While Global Positioning System (GPS) units are now used almost daily in our lives, there was a time when maps and compasses were the only tools for finding your way, whether driving across the country or heading into the backwoods.
Like many hunters who have been hitting the woods since childhood, I didn’t feel the need for a GPS unit when they first came out. I knew how to find my way in and out of the woods without that fancy contraption that just added weight. I already carried a compass, and I knew how to improvise a sundial using a watch or even a stick and a couple of stones. I might get slightly turned around, but I would never get lost, even in places where I hadn’t been before. There were times, though, that I would miss my stand by a few yards in the dark and have to wait until it was light enough to see before climbing up to hunt. It was these experiences, along with recommendations by friends that made me change my mind and get a GPS unit. And while I still find a GPS unit to be beneficial for finding stands in the dark, it’s in mobile hunting, such as Run ‘N’ Gun turkey hunting, where these little electronic boxes really show their worth. For this reason, I carried the Magellan eXplorist 110 throughout the Virginia spring gobbler season.
At $129, the eXplorist 110 is Magellan’s latest entry-level GPS unit. It’s a big improvement over earlier models—one of which I happen to own—with a color screen, a world map and extended battery life.
The eXplorist 110 can be used to find your location, save waypoints for later return, track your progress on an excursion and take you straight to coordinates while providing distance and direction. It runs on multiple satellite systems (WAAS/EGNOS/MSAS), which provides accuracy to 3 to 5 meters, has a digital compass, holds 500 waypoints and 25 routes, can calculate area and has 2 GB of memory for future updates. It also has a multitude of icons for quick waypoint identification, is water proof (IPX-7) and weighs less than 6 ounces. In this, the 110 is not much different than most other GPS units. However, this little entry model contains some features that weren’t available on earlier models and are usually reserved for more expensive models.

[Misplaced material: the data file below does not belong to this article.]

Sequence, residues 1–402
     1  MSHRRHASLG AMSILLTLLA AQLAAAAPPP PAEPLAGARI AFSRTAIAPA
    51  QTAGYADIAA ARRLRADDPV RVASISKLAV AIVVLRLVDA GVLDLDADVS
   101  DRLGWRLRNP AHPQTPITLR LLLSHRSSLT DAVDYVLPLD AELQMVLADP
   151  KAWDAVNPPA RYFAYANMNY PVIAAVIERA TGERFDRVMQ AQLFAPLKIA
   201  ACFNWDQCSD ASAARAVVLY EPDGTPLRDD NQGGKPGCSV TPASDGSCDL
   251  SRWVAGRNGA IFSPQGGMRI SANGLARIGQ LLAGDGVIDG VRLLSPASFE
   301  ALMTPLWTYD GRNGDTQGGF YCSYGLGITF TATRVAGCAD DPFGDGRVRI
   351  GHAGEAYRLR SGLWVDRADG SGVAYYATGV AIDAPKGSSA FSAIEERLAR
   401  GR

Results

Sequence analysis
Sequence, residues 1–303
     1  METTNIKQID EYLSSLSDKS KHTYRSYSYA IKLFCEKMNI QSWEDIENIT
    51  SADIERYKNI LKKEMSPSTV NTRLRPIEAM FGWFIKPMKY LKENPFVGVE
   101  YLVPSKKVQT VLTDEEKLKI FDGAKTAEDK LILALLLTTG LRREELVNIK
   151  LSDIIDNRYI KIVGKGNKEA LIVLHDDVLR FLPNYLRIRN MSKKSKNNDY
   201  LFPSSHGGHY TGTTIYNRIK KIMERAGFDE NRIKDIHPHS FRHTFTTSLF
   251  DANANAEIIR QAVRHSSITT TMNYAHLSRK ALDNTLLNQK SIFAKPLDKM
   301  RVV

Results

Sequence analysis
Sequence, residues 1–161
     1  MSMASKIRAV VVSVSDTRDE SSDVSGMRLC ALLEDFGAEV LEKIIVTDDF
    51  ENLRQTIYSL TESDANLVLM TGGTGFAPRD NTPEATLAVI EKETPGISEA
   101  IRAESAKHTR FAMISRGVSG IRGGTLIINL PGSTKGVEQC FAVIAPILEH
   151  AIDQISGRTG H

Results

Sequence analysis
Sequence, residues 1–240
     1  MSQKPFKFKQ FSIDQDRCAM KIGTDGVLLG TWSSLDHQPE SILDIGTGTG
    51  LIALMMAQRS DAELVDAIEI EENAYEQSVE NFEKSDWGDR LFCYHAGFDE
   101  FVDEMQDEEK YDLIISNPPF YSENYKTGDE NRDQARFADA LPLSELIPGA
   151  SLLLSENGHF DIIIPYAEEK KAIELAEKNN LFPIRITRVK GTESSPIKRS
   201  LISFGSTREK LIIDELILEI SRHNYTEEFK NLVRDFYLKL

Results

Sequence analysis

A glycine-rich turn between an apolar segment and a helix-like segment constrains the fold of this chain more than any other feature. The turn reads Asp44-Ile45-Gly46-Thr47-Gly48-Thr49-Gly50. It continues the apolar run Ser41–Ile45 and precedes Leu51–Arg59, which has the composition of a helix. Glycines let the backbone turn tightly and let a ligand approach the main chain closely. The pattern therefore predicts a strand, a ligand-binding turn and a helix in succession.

According to Sam Muscariello, director of product marketing, similarly priced units don’t usually come with a color screen, easy-to-use imagery and the ability to adjust the power function to suit the users’ needs. He also said that the eXplorist 110 is smaller, more ergonomic and easier to use than comparable units.
“We looked at the economic conditions and decided to put out a device that is affordable for everybody with the features they want,” Muscariello said.
Overall, the eXplorist 110 works like most units. When it is on you can mark locations and it leaves “bread crumbs” constantly, so you can backtrack your route if needed. However, the power settings on the 110 can be adjusted to basically turn the unit off (Active Suspend Timer), except for the tracking, to save battery life. The benefit of this is that users can power down the unit when sitting or not in use, but the unit will still leave bread crumbs. So, if you shoot a big deer and forget to turn the unit on in the excitement, you won’t become lost while tracking your trophy.
In the Woods I took off on my first excursion into the woods with the eXplorist 110 without having spent much time learning the system, and none reading the manual. Of course, since ease of use is an important feature, this was how I planned it.